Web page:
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Topics covered in this essay:

bullet1997 Activities:
bulletGeneral Convention
bulletConservative Reform/Renewal Groups:
bullet1998 Activities:
bulletOrdination Protest in Kalamazoo, MI
bulletLos Angeles Diocese rejects Lambeth resolution

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General Convention, 1997:

This was held at the Pennsylvania Convention Center in Philadelphia, the city of brotherly love, starting 1997-JUL-16. On JUL-19, the delegates voted on a resolution to ask the church's liturgical commission to develop "a rite or rites for the blessing of committed relationships between persons of the same sex.". The measure affirmed "the sacredness of Christian marriage between one man and one woman." A supporter of the resolution, Rev. Jane N. Garrett of Vermont, said: "We are not attempting to subvert the sanctity of marriage...Far from it. We are asking to join in the sanctity of marriage through full participation in it." Some of those opposed believed, incorrectly, that this would make them the first church in the world to bless same-sex union rituals. Rev. Richard C. Crocker of Iowa said: "The passage of this resolution will put us permanently out of step with the Roman Catholic and Orthodox churches, conservative Protestants and many mainline Protestants as well. The vast majority reject this practice as sin." the Rev. Gerry L. Schnackenberg of Colorado said that the laity is opposed to such rituals: "It will have been done against the convictions of a majority of those who sit in our pews...It will be done in response to a pressure group which has taken the novel approach of raising experience to normative authority over Scripture."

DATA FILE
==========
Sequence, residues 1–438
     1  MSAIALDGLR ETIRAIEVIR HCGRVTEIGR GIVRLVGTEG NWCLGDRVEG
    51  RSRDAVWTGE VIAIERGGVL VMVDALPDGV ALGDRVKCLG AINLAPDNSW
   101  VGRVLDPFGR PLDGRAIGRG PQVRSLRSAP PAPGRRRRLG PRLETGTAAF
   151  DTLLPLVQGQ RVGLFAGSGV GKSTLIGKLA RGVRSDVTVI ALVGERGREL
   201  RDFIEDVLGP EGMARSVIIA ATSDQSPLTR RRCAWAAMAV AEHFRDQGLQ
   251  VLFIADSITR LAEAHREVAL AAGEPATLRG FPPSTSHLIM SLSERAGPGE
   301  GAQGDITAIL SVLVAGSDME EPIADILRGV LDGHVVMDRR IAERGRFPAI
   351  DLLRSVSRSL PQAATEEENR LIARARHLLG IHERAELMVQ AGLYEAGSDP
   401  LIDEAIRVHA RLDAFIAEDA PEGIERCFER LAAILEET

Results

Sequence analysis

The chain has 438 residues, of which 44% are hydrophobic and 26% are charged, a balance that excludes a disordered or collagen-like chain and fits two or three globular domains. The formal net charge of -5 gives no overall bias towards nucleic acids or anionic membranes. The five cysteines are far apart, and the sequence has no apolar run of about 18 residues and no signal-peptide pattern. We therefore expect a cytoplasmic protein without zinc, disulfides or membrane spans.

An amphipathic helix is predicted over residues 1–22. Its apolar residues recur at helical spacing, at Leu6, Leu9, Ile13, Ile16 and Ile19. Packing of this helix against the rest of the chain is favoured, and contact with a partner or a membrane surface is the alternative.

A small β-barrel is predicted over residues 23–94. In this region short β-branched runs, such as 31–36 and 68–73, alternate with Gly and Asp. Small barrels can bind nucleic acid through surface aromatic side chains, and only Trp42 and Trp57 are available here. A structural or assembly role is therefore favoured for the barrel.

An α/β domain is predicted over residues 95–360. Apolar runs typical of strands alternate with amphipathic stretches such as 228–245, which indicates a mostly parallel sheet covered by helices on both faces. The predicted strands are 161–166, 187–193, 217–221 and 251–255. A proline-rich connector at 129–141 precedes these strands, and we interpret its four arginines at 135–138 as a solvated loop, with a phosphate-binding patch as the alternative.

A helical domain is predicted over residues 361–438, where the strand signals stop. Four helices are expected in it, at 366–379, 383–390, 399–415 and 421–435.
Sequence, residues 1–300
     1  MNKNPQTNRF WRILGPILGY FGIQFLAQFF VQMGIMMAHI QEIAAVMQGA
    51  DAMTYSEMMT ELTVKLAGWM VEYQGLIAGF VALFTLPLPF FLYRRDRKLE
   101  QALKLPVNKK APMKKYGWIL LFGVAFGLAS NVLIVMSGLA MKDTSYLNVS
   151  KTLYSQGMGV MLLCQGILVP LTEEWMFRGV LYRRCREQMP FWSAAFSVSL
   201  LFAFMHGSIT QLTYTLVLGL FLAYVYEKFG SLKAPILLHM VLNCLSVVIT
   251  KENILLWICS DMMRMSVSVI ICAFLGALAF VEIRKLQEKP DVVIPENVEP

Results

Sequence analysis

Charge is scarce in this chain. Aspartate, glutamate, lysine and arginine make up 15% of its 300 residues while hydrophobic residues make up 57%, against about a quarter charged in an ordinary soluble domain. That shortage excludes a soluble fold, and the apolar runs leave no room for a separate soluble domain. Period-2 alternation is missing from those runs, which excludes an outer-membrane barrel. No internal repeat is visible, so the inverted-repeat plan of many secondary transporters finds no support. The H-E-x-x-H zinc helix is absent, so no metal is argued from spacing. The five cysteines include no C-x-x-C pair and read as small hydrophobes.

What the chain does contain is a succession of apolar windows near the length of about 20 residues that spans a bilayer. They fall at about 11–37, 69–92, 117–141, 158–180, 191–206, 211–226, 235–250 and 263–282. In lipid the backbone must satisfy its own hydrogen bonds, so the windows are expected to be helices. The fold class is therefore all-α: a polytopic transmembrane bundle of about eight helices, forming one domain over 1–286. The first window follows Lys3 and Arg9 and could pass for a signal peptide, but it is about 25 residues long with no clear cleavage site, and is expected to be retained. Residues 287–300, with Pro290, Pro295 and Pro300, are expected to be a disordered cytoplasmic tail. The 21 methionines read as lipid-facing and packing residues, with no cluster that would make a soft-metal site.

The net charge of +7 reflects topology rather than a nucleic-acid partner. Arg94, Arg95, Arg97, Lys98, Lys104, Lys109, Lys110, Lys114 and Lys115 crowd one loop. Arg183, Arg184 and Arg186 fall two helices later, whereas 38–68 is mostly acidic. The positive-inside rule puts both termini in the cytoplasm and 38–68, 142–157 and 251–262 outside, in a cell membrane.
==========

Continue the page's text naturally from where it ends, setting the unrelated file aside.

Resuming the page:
57 or more of both the lay delegates and the priests within the House of Deputies had to vote in favor of the resolution in order to pass it on to the House of Bishops. The vote among the laity was 56 in favor and 41 against; among the priests it was 56 in favor and 37 against. A majority was in favor but not a large enough number to approve the measure. Supporters of the measure are expected to reintroduce the measure at the next convention, to be held in the year 2000. Rev. M W. Hopkins is a member of Integrity, the Episcopal gay and lesbian support organization. He commented: "To us, this vote is an affirmation. We're pleased with this vote. It means it's coming back." He predicted that some priests would continue to bless same-sex unions. "They've been going on for years and they will continue to go on."

The convention approved a resolution that authorized individual dioceses to offer health insurance benefits to domestic partners of clergy and church employees, both heterosexual and homosexual. The Anglican Church of Canada had passed a similar resolution in 1996.